The Serious Business of Safety

Reinforcing the Serious Business of Safety with a Health and Safety Plan--Call to Action!Children watching a big office building going up might see a construction site as a giant sandbox with adults at play. Danger happens when the workers get the same idea and engage in horseplay.

Practical jokes and roughhousing are natural among a group of workers, mostly men, doing a hard job together day after day. But it can create problems, like unintentional accidents and building resentment that invites retaliation in kind. Types of fooling around on a job site that creates trouble might include activity like chucking water, wrestling, air hosing, scaring, and other activities like that. Though in all cases you are bound to get a reaction, it may not be the one you had in mind.

Jokes can backfire, especially in a complex work environment like that found on a building site or a plant. Hazards are everywhere, which is why a safety mindset should be foremost in every health and safety plan.

What Can Go Wrong?

Running and chasing a co-worker can easily lead to someone tripping or falling. If you’re trying to get away from a bucket of water being tossed at you, it is easy to miss obstacles or obstructions on the ground. Machinery on the site has moving parts which can cause injury if you run into them. If you knock over a container while trying to get away, the items stored inside can fall out, hurting someone.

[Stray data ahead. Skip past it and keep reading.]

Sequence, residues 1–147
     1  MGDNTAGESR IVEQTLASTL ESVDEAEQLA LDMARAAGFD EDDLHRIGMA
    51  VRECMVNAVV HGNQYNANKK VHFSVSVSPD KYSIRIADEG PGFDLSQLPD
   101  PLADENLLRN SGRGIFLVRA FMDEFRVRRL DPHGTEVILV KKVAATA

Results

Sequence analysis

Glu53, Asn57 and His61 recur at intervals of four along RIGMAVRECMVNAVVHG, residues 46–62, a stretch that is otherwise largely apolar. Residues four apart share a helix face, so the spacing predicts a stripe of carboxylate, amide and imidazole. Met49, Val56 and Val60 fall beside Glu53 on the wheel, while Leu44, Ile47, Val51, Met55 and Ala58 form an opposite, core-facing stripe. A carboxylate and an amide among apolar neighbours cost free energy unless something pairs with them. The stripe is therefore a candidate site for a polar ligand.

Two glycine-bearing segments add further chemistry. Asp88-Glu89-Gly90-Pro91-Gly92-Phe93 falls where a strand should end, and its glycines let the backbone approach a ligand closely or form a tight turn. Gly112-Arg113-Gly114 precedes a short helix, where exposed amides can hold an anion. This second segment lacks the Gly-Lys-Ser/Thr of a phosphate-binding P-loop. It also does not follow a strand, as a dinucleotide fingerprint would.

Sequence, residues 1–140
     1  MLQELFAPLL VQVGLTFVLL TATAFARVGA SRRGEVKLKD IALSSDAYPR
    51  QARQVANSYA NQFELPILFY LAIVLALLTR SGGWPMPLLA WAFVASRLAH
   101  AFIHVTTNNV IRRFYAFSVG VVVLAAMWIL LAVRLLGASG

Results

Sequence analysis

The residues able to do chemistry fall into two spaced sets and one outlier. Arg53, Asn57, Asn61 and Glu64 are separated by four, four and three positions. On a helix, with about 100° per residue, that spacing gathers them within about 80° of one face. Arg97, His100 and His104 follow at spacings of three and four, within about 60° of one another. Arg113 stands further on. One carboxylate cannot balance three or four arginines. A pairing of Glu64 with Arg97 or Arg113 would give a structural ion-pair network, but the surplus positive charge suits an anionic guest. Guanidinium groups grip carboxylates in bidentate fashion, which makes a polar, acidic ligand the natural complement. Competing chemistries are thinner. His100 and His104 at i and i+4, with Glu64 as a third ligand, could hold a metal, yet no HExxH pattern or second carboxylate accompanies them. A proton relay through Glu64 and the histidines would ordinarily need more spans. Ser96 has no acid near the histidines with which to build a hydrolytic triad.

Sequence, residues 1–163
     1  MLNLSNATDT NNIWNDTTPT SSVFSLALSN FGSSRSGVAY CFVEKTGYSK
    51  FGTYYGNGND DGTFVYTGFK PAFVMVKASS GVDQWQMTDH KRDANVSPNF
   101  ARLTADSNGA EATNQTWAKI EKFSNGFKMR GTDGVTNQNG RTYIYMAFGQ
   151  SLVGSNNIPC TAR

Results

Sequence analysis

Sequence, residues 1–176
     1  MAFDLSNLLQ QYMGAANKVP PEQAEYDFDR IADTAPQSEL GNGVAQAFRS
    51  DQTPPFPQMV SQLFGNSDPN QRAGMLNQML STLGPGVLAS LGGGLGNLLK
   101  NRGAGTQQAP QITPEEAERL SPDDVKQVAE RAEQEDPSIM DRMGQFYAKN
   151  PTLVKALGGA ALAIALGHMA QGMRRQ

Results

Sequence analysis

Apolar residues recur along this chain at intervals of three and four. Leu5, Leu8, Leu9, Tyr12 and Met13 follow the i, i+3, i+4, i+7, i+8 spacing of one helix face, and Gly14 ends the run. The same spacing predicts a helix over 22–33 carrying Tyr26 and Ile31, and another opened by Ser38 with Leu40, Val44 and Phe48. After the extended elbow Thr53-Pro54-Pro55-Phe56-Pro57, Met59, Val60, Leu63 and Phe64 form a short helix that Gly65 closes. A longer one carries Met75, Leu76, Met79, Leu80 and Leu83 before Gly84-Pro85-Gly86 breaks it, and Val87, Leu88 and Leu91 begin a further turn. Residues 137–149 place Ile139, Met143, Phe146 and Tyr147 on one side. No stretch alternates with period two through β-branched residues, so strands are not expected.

50 things you must know about safety leadershipOne commonly reported safety violation is throwing a tool at a co-worker. A device with a sharp edge flying through the air can easily cut and maim. If a person gets hit with a hammer or other heavy tool, injury is almost guaranteed. If it hits a person in the face, especially the eyes, the damage can be permanent. If a heavy tool misses its target and flies off the edge of a platform or building, the impact on the innocent bystander on the floors below can be horrendous.

Forklifts seem to invite horseplay. Driving it too fast, or standing on the forks and trying to do stunts with one can cause significant injury. Bystanders or passengers can easily get crushed or run over in the process.

The Goal of Safety

The instigator might see his action as minor, but if the object of the horseplay takes it personally, it could result in an altercation. In any case, engaging in horseplay misses the point of having a health and safety plan in the first place, which is to protect everyone on the job site and get them back home safely to their families at the end of each day.

fctc-online-bannerFortunately, most work sites these days frown upon horseplay and meet it with disciplinary action and a clear threat of termination. The short video below shows two workers in a warehouse wrestling among product. No one gets hurt in this case, but potential hazards are all around.

~Mary Hannick

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About the Author

safetyBUILT-IN is the safety-leadership learning and development division of SCInc. We believe sustainable safety performance is best achieved through a core-values based safety culture, and that culture must be driven by leadership. Our safety-leadership programs are competency-based, and focused on performance outcomes. We believe in building capability and ownership into our client organizations—as well as sustainability into our programs—so that our clients can continue running those programs long after we’re out of the picture. Our emphasis is on building better leadership presence, better leadership communication and better leadership coaching by first building relationships of trust with people and learning how to engage them on the level of their core values and beliefs.